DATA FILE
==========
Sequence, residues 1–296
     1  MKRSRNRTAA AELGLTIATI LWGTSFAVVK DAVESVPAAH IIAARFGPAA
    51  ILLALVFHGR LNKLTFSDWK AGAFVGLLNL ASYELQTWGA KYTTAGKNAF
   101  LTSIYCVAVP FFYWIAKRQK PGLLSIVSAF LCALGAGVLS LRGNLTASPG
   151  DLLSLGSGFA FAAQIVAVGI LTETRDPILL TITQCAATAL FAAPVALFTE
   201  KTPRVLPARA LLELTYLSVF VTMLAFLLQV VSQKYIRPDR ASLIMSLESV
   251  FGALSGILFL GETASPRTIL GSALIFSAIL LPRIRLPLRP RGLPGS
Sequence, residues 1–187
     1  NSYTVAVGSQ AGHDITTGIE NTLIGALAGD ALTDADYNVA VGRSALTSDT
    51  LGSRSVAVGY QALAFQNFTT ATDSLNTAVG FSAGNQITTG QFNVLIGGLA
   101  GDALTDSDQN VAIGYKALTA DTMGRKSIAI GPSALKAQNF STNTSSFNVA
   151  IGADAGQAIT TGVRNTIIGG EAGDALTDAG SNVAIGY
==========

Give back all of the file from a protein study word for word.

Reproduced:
Sequence, residues 1–296
     1  MKRSRNRTAA AELGLTIATI LWGTSFAVVK DAVESVPAAH IIAARFGPAA
    51  ILLALVFHGR LNKLTFSDWK AGAFVGLLNL ASYELQTWGA KYTTAGKNAF
   101  LTSIYCVAVP FFYWIAKRQK PGLLSIVSAF LCALGAGVLS LRGNLTASPG
   151  DLLSLGSGFA FAAQIVAVGI LTETRDPILL TITQCAATAL FAAPVALFTE
   201  KTPRVLPARA LLELTYLSVF VTMLAFLLQV VSQKYIRPDR ASLIMSLESV
   251  FGALSGILFL GETASPRTIL GSALIFSAIL LPRIRLPLRP RGLPGS
Sequence, residues 1–187
     1  NSYTVAVGSQ AGHDITTGIE NTLIGALAGD ALTDADYNVA VGRSALTSDT
    51  LGSRSVAVGY QALAFQNFTT ATDSLNTAVG FSAGNQITTG QFNVLIGGLA
   101  GDALTDSDQN VAIGYKALTA DTMGRKSIAI GPSALKAQNF STNTSSFNVA
   151  IGADAGQAIT TGVRNTIIGG EAGDALTDAG SNVAIGY